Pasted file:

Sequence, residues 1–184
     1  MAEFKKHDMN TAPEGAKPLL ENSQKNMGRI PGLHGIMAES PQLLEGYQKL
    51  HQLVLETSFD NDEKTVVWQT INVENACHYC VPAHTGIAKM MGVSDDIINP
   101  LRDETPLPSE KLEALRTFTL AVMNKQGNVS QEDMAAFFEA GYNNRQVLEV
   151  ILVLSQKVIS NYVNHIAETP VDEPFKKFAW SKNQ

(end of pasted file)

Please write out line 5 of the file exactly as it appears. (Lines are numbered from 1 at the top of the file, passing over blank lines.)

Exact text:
   151  ILVLSQKVIS NYVNHIAETP VDEPFKKFAW SKNQ